Top-Ten Employee Traits

Professor Mike “Q” Quaintance, MBA

Business and Hospitality Chair @ Keiser University, Fort Myers

 

In a recent survey conducted at Keiser University’s Fort Myers campus, local employers shared their top-ten employee traits.  Below is a list of traits that employers deemed most important for new hire success in their businesses.  This list also provides some suggestions to job candidates regarding topic which they should be prepared to discuss during the interview.

  1. Responsible
  2. Team player
  3. Integrity/Ethical
  4. Good Communicator
  5. Punctual
  6. Problem Focused
  7. Life-long Learner
  8. Loyal
  9. Accountable
  10. Passion

Responsibility is the ability to differentiate between right and wrong while acting the right way.  This is important today as society seeks organizations that behave ethically to engage in commerce with.  Customers expect relationships founded in trust; if trust is lacking, then customers will migrate to new business relationships.  Research has consistently shown that ethical behavior leads to higher levels of organizational citizenship in a company, thus encouraging greater productivity.

A team player is someone who cares about putting team success before their own.  It implies that by taking care of the needs of the team, an individual’s needs will be realized.  Research shows that team players are often more successful because of the law of reciprocity, where behavior garners reciprocal behaviors from peers and managers.

Integrity refers to normatively appropriate behaviors of a team, group, or society, which expects a firm adherence to an acceptable moral or ethical code.  Workers with high levels of integrity often find themselves rising through the ranks of corporate leadership.

A good communicator refers to an employee who speaks with clarity, eliminates bias, and listens with the intent to learn what the sender is communicating.  This is extremely important for customer service, communicating direction and sharing ideas.

Punctuality is important as managers attempt to create an effective and efficient workforce.  The rule of thumb in many workplaces is to be prepared to work five minutes prior to your scheduled time.

Problem focused suggests that the employee be open to visualizing, sharing, and solving problems that occur in their daily work activities.  This helps improve customer service and with employee job satisfaction as they contribute in the success of the company.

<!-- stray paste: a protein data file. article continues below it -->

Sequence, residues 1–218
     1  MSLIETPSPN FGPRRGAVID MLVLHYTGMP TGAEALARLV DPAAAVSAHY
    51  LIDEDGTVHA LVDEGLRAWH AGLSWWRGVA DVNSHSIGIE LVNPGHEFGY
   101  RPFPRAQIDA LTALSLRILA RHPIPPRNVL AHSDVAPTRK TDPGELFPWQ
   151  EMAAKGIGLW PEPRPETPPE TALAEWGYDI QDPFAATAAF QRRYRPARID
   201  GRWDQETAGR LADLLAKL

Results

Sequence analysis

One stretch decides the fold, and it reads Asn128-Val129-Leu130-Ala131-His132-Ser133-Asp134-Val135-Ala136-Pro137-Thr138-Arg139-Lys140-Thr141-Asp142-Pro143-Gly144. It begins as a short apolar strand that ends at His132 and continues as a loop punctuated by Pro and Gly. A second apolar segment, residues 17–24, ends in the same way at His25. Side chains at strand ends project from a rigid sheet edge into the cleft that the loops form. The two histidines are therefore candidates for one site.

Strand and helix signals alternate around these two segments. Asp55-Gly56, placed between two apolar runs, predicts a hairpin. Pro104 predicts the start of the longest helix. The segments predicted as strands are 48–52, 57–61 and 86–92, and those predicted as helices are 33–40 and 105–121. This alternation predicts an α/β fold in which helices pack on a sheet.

In today’s dynamic business environment, and due to globalization, the political environment, and technology, the world is in a constant state of change.  This requires consistent efforts to remain current on knowledge in every industry.  Life-long learners realize this and the importance of remaining relevant in order to create value.

Loyalty refers to a state of being faithful to a cause, idea, custom, product or institution.  This behavior has a similar influence as being a team player where organizational loyalty is often rewarded with promotions and extra compensation.  Most organizations value employees who support the organization.

Accountability refers to an employee’s willingness to accept responsibility for one’s own actions.  Most employers use employee mistakes as teaching moments and embrace the opportunity to show them how to avoid them in the future.  Employers often consider employee who reject accountability as un-trustworthy and are unlikely to be promoted.

Employee passion is often portrayed as an intense and driving feeling or conviction to the organization, leader, or product.  However, some would argue that it runs deeper.  Some suggest that passion for one’s job is reflected by the enthusiasm with which he or she awakes in the morning.  If you spring out of bed looking forward to the day, then you probably have a great deal of passion for your job.

While this is certainly not an exhaustive list, it does represent a consensus of thought regarding the traits that employers seem to cherish in our local marketplace.  When preparing for a job interview, it would be appropriate to ponder possible discussion points to these topics as you research the company and industry for which you are applying.  Personally, I believe you can never over-prepare for the job interview and your expressed knowledge may improve your salary and benefit negotiations.  I welcome any feedback at mquaintance@keiseruniversity.edu or by calling (239) 277-1336 ext. 34128.